South Korea: Online sexual assault on the rise as survivors blame Google’s failure

Women and girls reported that reporting non-consensual explicit content to Google was a difficult process to navigate so that videos of sexual assault continued to circulate online.

“While the wave of digital sexual crimes in South Korea wreaks havoc on the women and girls it targets, Google’s inappropriate system for reporting explicit, non-consensual content is exacerbating matters,” said Jihyun Yoon, Director of Amnesty International Korea.

“Google needs to do more to prevent the spread of gender-based violence online — not just in Korea, but globally. Anyone who wants to remove harmful content has to use the same flawed reporting system, so it’s very likely that it will stretch This problem far beyond Korea.”

Today, Amnesty International launched a global petition calling on Google to address flaws in its reporting system.

Sexual digital crimes on the rise despite ‘Nth Room’ case

In March 2020, a group of South Korean journalists exposed the existence of eight secret chatrooms on the messaging app Telegram where thousands of videos of women and girls of sexually explicit content had been sold without consent using cryptocurrency. Known as the “Nth Room” case, more than 60,000 people were involved in the crimes committed in these chat rooms, Korean police said.

In October 2021, one of the chat operators in the ‘Nth Room’ case was sentenced to 42 years in prison. However, digital sex crimes continue, and the ease of sharing and frequently posting images creates additional suffering.

Recent criminal cases show that perpetrators often threaten survivors with existing video footage to commit more sexual abuse and produce more content. This shows that if non-consensual content and survivors’ personal information are not removed, women and girls experience further harm and crime, even when the original perpetrators are punished.

“Removing explicit, non-consensual content circulating online is essential to restoring the daily lives of survivors. These women have no choice but to put their trust in removal requests from tech companies, despite the painful process of having to search repeatedly,” said Jihyun Yoon. for the explicit, non-consensual content in which they appear and its collection.”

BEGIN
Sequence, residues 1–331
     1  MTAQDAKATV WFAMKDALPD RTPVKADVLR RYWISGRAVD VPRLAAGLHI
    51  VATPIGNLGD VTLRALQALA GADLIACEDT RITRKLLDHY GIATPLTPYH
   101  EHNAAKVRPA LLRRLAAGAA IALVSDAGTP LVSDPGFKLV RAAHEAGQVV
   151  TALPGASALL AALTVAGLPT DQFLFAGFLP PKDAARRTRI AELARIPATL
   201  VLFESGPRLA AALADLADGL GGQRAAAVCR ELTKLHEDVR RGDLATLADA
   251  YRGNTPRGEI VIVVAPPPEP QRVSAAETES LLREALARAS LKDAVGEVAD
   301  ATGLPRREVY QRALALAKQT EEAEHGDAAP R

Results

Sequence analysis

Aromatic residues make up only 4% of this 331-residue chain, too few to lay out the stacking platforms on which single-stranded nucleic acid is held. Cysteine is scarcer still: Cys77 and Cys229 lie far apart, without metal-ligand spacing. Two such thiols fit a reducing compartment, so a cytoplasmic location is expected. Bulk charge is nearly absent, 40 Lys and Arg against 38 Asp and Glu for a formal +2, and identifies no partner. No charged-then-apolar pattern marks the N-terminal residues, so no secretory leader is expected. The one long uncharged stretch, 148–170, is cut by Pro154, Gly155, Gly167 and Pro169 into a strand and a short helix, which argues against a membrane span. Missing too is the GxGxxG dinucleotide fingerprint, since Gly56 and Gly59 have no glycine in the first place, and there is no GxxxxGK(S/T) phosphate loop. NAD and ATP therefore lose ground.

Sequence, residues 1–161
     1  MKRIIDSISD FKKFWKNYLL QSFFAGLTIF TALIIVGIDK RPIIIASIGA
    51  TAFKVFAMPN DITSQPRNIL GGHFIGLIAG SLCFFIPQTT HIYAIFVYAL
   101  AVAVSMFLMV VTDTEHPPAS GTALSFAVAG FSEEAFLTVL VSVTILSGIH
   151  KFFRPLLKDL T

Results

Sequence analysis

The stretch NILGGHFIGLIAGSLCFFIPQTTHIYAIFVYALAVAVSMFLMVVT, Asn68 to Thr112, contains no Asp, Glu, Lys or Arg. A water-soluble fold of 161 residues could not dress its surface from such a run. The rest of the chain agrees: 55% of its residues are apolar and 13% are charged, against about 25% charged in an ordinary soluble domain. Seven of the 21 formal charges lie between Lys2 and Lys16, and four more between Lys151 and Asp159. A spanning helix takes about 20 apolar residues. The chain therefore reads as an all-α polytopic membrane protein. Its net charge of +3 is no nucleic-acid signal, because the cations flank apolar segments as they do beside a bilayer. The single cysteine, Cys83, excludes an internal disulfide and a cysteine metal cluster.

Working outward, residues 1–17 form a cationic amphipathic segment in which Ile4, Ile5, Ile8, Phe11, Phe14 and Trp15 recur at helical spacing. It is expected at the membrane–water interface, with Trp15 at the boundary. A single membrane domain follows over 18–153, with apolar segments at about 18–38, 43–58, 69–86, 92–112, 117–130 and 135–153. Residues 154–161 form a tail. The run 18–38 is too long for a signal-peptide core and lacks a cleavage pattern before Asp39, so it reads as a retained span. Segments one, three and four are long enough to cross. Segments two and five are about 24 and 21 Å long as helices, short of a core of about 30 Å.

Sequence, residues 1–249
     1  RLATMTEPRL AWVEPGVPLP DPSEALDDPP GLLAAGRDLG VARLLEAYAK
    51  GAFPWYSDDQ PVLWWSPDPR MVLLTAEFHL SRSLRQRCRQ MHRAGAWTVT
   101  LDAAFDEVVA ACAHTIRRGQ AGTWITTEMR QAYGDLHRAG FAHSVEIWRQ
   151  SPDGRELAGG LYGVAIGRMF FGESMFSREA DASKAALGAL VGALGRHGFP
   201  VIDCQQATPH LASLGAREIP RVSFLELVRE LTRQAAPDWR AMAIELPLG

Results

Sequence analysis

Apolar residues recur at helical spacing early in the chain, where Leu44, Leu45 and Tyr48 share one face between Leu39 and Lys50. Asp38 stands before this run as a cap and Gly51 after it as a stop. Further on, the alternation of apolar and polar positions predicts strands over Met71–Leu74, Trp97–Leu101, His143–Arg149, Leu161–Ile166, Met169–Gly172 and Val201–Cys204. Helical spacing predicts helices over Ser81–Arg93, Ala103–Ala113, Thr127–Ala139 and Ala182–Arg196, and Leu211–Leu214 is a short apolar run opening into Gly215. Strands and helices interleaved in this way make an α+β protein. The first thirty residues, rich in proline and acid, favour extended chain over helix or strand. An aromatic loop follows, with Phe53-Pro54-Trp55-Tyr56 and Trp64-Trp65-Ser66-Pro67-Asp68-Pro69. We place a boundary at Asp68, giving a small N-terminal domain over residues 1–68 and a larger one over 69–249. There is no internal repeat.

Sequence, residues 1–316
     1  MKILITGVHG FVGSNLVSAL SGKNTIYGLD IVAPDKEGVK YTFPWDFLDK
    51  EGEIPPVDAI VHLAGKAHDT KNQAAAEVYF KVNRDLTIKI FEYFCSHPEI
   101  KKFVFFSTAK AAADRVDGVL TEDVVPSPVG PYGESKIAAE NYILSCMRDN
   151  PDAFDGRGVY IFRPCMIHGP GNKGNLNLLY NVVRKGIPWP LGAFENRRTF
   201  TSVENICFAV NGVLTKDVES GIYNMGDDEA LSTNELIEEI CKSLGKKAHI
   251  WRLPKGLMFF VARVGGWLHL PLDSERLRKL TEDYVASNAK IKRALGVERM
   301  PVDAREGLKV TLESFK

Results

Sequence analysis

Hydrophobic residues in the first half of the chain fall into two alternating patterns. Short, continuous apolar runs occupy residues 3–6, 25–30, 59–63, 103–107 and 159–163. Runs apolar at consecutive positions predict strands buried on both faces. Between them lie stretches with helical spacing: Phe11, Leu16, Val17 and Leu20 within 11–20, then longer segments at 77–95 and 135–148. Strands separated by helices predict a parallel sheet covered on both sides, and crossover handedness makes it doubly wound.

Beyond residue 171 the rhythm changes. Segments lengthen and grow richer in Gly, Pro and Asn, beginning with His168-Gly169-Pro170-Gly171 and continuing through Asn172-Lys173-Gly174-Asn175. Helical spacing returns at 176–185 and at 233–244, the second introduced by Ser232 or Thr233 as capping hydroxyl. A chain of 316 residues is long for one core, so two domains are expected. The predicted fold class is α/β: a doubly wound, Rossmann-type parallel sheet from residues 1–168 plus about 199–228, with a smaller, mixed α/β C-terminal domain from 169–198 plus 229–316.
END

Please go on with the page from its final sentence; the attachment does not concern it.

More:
“If these requests are not addressed quickly and the harmful content can be redistributed at any time, survivors suffer long-term physical and mental harm.”

Google’s broken reporting system

Google says that explicitly non-consensual content can be removed upon request. However, survivors and activists who spoke to Amnesty International in Korea said Google’s reporting categories and procedures were confusing and difficult to follow. The right forms were hard to find, and had categories that were unclear about what type of content was being reported.

After a complaint was finally successfully filed, users experienced a lack of communication about the progress of their claim—often for months at a time.

Amnesty International Korea conducted a survey of 25 survivors and activists. All 11 of those who filed a complaint through Google said it was difficult to confirm whether their requests were handled properly. This was mainly due to the lack of communication from Google during the reporting process.

* Hyun-jin waited just over a year between receiving an acknowledgment from Google and finally being notified of the outcome of her series of takedown requests.

Google doesn’t seem to take survivor trauma into account when crafting its removal procedures. When reporting content, users must check a box that says they know they can be penalized if the submission is not valid, while Google says it will not consider incomplete complaints.

Hyun-jin said these instructions add to her anxiety: “I brought it up with difficulty, but instead of being convinced that it would be removed, I became more anxious thinking that if it didn’t work out, it would be my responsibility.”